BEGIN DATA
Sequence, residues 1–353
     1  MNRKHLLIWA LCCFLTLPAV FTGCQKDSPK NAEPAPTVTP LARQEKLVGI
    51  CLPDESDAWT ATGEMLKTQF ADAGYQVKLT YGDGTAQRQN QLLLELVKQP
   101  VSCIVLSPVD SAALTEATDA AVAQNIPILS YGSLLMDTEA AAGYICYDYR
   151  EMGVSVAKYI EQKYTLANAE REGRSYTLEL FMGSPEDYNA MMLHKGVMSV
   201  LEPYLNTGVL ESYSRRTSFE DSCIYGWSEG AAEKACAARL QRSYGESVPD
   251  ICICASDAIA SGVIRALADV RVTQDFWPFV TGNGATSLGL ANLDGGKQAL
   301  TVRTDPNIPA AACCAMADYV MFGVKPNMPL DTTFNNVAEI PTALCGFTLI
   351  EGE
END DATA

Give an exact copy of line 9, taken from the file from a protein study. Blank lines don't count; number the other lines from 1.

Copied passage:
   351  EGE